Design weak points, or “hotspots” remain a leading issue in advanced lithography. These often lead to unexpected critical dimension (CD) behavior, degradation of process window and ultimately impact wafer yield. Industry technology development focus on hotspot detection has included full chip lithography simulation and machine learning-based hotspot analysis. Most recently, the machine learning approach is gaining attention because it is faster and more practical than lithography simulation-based hotspot detection. The machine learning case is a feedback approach based on previous known design hotspots. Conversely, the simulation method has the benefit of proactively detecting hotspots in a new design regardless of historical data. However, full chip simulation requires resources in calculating time, computing power and additional time-to-market that render it impractical in some scenarios. As design rules shrink, advanced mask designs have significantly increased in complexity due to Resolution Enhancement Techniques (RET) such as Source Mask Optimization (SMO), advanced Optical Proximity Correction (OPC) and high transmission attenuating mask films. This complicates hotspot detection by existing OPC verification tools or rigorous lithographic simulation with wafer resist model. These resultant complex mask geometries make OPC optimization and hotspot detection using post design very difficult. In this paper, we will demonstrate the limitation of traditional hotspot detection technology. Typical OPC tools use simple techniques such as single Gaussian approximations on the design, such as corner rounding, to take the mask process impact to the geometry into account. We will introduce a practical lithography hotspot identification method using mask process model. Mask model-based hotspot detection will be used to precisely identify lithography hotspots and will provide the information needed to improve hotspots’ lithographic performance.
Extreme ultraviolet lithography (EUVL) is entering an industry production phase for 7nm logic and is under development for next node logic and memory applications. A key benefit of EUVL for logic interconnect lithography comes from the ability to pattern the metal layer at aggressive pitch using a single exposure. We report here a mask process compatible with a 30nm pitch patterning module for the demanding sub 7nm node, single expose interconnect application. We found a large increase in mask to wafer image transfer sensitivity during the 32nm to 30nm pitch shrink development that led to increases in stochastic and systematic wafer defect generation mechanisms. In this work, we describe our steps to characterize, model and improve the mask related factors that reduce this sensitivity as part of a successful 30nm pitch patterning module demonstration. High resolution wide area electron beam mask inspection alongside a suite of advanced mask characterization and optimization(AMCO)tools were key elements in understanding mask process gaps and improvement opportunities. Critical mask parameters optimized in closed loop with wafer response included two and three dimensional pattern fidelity, line roughness and spatial variability. Mask critical dimension targeting was found to be a critical factor for delivering the yielding 30nm pitch wafer process and this targeting was tuned dynamically through mask and wafer co-optimization. Finally, the role of wafer anchored process simulation proved an invaluable guide for linking various mask error source mechanisms to the wafer response.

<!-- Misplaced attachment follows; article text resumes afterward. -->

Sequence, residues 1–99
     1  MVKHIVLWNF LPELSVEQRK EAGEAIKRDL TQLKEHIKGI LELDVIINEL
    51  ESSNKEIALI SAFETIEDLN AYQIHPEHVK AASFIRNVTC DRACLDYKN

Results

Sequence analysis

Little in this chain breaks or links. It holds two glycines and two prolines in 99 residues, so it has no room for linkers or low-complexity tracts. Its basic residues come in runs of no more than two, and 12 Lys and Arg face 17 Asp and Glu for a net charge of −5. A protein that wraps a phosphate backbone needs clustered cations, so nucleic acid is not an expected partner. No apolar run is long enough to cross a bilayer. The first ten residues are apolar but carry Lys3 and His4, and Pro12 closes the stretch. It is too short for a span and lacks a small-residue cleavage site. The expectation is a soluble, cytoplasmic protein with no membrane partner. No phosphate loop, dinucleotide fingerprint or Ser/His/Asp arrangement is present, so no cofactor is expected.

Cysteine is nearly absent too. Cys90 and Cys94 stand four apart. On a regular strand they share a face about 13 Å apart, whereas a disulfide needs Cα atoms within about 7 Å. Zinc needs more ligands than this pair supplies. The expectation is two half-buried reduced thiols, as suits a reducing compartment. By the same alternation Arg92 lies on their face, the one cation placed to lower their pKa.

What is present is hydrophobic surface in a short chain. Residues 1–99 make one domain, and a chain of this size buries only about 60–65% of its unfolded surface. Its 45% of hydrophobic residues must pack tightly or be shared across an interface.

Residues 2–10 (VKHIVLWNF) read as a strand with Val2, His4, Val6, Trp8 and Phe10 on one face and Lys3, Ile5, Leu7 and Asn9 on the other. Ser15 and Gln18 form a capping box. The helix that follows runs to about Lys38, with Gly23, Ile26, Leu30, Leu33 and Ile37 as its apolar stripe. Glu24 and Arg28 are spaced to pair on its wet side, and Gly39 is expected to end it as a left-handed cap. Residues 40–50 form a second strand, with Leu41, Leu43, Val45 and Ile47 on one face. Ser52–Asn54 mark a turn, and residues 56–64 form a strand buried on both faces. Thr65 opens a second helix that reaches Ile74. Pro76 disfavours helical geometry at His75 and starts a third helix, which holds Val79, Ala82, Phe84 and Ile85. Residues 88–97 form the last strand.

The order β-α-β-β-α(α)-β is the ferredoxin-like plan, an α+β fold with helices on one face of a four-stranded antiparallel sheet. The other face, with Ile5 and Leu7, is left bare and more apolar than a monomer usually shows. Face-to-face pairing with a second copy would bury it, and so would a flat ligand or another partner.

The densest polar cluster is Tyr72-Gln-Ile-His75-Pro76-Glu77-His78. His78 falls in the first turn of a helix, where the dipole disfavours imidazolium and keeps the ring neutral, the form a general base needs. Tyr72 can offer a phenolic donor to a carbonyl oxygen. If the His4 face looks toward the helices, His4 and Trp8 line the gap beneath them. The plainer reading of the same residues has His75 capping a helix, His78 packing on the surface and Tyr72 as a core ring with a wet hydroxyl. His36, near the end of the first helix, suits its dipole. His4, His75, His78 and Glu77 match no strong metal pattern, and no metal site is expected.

Design weak points that have narrow process window and limits wafer yield, or hotspots, continue to be a major issue in semiconductor photolithography. Resolution enhancement techniques (RET) such as advanced optical proximity correction (OPC) techniques and source mask optimization (SMO) are employed to mitigate these issues. During yield ramp for a given technology node, full-chip lithography simulation, pattern-matching and machine learning are adopted to detect and remedy the weak points from the original design , . This is typically an iterative process by which these points are identified in short-loop lithography testing. Design retarget and/or OPC modifications are made to enhance process window until the yield goal is met. This is a high cost and time consuming process that results in a slow yield ramp for existing production nodes and increased time to market (TTM) for new node introduction. Local hotspot correction through mask and wafer harmonization is a method to enhance wafer yield with low cost and short cycle time compared to the iterative method. In this paper, a fast and low cost approach to hotspot correction is introduced. Hotspots were detected on wafer after OPC and characterized by using advanced mask characterization and optimization (AMCO) techniques. Lithographic simulations and AIMS measurement were used to verify the hotspot correction method. Finally, the validity of this new approach was evaluated by process window analysis and circuit probe yield test at wafer.